A Delicious Way to Lower Your Blood Lipids On the Grill

Filed Under: Heart Health, Recipes, Cholesterol, Food and Nutrition, Entrees
Last Reviewed 02/06/2014

At this time of year, one of my family’s absolute favorites—Eggplant Parmesan, is not only good for your blood lipids (which I’ll get to in a minute)…it’s filled with amazing health benefits! 


Eggplant, a nightshade vegetable, is high in fiber, manganese, vitamin B1, copper, and potassium. It also contains nasunin, an anthocyanin antioxidant that protects your cell membranes from damage—and fortifies your immune system. 


Plus, eggplant’s main phenolic compound—cholorogenic acid—not only has viral and cancer fighting actions, it can lower your blood fat levels. But one caveat for folks with kidney and gallbladder problems is that eggplant may actually block your absorption of calcium if you’re not getting an adequate amount in your diet. 


When selecting an eggplant, we like the mid-sized ones for individual servings. They aren’t always easy to find though, and a full sized eggplant works just as well. (But avoid Japanese eggplants; there just isn’t enough “meat” inside to work with). Pick an eggplant that’s firm, heavy, shiny, and colorful, but not waxed. If your thumbprint springs back, it’s fresh!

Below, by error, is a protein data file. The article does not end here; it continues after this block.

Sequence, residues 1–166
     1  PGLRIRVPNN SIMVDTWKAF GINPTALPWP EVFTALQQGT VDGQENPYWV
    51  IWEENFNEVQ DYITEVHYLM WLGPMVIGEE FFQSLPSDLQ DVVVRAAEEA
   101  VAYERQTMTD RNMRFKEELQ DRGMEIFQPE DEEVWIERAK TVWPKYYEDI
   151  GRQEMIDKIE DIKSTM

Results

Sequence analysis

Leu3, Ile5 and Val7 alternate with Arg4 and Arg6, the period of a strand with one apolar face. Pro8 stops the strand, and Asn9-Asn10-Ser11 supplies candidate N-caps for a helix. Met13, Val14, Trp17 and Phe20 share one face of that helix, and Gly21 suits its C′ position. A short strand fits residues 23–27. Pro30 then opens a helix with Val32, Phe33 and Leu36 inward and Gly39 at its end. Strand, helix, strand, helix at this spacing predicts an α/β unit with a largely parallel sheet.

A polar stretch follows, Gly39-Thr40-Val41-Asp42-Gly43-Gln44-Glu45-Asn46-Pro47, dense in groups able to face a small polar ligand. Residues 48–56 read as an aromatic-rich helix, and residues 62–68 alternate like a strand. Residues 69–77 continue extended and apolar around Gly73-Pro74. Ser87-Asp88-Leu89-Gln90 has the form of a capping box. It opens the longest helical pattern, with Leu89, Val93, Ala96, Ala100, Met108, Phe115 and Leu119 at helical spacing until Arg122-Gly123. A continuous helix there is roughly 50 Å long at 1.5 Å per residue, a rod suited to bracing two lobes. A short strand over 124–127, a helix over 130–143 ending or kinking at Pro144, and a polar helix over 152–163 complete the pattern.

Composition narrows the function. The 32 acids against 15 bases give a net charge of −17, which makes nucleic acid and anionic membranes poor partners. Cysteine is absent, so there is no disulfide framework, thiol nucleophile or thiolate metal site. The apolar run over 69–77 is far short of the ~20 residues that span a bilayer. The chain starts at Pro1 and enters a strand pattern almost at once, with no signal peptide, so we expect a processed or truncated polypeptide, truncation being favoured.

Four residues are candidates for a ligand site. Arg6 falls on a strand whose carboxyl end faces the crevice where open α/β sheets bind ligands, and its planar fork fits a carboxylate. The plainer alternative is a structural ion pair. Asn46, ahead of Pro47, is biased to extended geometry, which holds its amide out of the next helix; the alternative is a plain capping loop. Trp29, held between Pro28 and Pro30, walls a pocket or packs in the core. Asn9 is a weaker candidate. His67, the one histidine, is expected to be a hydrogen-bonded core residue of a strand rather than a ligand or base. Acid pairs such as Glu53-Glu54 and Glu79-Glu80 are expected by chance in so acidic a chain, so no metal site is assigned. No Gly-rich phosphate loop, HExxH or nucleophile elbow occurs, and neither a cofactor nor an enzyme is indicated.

Now, here’s something that might surprise you—not only is eggplant good for your health, it can be cooked outside on the grill. In fact, I created an easy, delicious recipe called, “Eggplant Parm-on-the-Grill.” 

Here’s how to make it:

  • Slice the washed eggplant in half horizontally, and place it on the grill, skin side down. By the way, be sure to use a stainless steel knife since carbon reacts with the phytonutrients in eggplant and causes them to turn black.  Depending on the size of the eggplant, your cooking time will vary, but allow about 7-12 minutes until the pulp inside softens.
  • Use a fork to scratch and mash it in the skin, or scoop it out to mash (sorta like baking a twice-baked potato) and put it back in.
  • Top the eggplant with pre-warmed spaghetti sauce (which is also good for your LDL cholesterol levels), and your favorite grated cheese. We dubbed this dish “Eggplant Parm,” but you can also use Romano, Pecorino, or Asiago cheeses. 
  • Garnish with your choice of farmstand-fresh chopped basil, cilantro, or parsley. If you want more antioxidant support, use all three!

We like to enjoy our Eggplant Parm with a salad topped with broccoli florets. The lycopene in the tomatoes and the sulphurophane in the broccoli also have a synergism that packs a one-two punch for squelching cancer. Then, add your favorite cool drink and enjoy!

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